Welcome to Ignite Music Therapy’s October newsletter edition discussing the important role of music therapy in our hospitals!
I know that we have touched on some of the aspects of the role of music therapists in the hospital setting, but I wanted to dedicate an entire newsletter to bring awareness to the powerful impact music therapists have in this setting.
Coping and Expression
Increasing coping skills and self-expression are very common goals, especially for some of the older kids and adults who get admitted to the hospital for various reasons. Sometimes these patients are getting a new diagnosis and are struggling to cope with this new labeled burden. If they express an interest in learning a new instrument, music therapists will definitely provide coaching and encouragement to help these patients be able to use music making on their own time as a coping skill through this difficult time in their lives. We also use creative music making through instruments, song choice, or songwriting as an outlet for these patients to express and process their emotions and thoughts. It can be very powerful and life changing work for these individuals and is amazing to see the journey they take.
Pain management is a goal for many patients in the hospital setting for a variety of reasons. Some patients are getting blood drawn, IV’s inserted, PICC placements, pain from the illness they are dealing with, etc. Music can be a very beneficial tool to use as pain management because of how the brain works. Our brains can only handle a certain amount of stimulation. If we utilize music to be the majority of the mental stimulation, it reduces the amount of pain our brains can process, therefore reducing the amount of pain people feel. We can also use the iso-principle (another concept we have discussed previously) to match the patients where they are at and help bring their body to a more relaxed state, allowing our bodies to heal and reduces the pain as well.
This goal is a big one for infants, toddlers, and young patients, especially those who are in the hospital for a long amount of time (cancer patients, rehabilitation patients, etc.) These kids that are out of school, out of an environment focused on learning and growing are often times are more subject to falling behind in those developmental milestones, which are so important. For these patients we focus on our speech goals, eye tracking, imitating, more academic songs (ABC’s), and so much more. This not only helps them continue growing and learning, but helps them to continue moving forward in their development.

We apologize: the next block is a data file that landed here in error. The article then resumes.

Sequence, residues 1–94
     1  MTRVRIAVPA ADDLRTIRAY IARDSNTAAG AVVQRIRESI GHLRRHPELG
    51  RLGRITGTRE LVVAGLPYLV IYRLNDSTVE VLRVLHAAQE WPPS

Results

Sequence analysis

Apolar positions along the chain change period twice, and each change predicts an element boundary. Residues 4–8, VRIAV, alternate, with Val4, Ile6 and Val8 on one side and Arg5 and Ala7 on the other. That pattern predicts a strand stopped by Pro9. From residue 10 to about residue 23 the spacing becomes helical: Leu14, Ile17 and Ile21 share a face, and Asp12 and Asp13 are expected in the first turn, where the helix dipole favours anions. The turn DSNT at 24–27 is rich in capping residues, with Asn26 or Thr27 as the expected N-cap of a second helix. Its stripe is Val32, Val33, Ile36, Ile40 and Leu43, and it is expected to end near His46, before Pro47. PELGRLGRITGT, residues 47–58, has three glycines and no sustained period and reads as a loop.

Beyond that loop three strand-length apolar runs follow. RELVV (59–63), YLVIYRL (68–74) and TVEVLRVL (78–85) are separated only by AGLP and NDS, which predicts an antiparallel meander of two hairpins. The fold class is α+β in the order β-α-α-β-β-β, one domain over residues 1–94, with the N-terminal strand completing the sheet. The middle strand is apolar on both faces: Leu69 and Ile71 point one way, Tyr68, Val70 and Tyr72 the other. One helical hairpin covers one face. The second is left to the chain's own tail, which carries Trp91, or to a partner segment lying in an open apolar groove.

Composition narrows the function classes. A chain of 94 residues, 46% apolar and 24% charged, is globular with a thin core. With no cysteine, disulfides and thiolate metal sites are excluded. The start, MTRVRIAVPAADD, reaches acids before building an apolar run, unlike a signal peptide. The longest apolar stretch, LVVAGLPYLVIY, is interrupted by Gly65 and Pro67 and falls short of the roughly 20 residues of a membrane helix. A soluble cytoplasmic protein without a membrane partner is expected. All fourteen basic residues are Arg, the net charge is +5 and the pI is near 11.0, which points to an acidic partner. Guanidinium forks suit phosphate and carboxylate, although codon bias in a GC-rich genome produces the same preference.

In some hospital settings the music therapy team takes part in palliative care. This can be a very emotionally taxing part of the job, but is so necessary and needed by some of the families and patients we work with. These patients are individual and families that are going to need long term support. A big portion of this is legacy making, songwriting with family members to help them cope with the situation they were put in, and creating memories with their loved ones through music. This often involves recording original songs, improvising, and even creating songs as a family to honor and show their love to the individual who is needing that long term medical care and support. It is difficult work, but shows how powerful music can be, connecting us on a deeper level.
Music therapists also work closely with the rehabilitation team. Our goals often support the goals the other therapists, (speech, occupational, and physical therapy), are working on. Since music is an emotional medium, we often times will also support these patients through their emotional journey of relearning tasks they could once do without thinking. This too can be very powerful work and it is amazing to see the determination and inspiring progress these individuals make.
If this newsletter sparked any questions or further interest in how music therapy can help in this setting, send us an email at email@example.com with your comments and we would love to continue the conversation with you.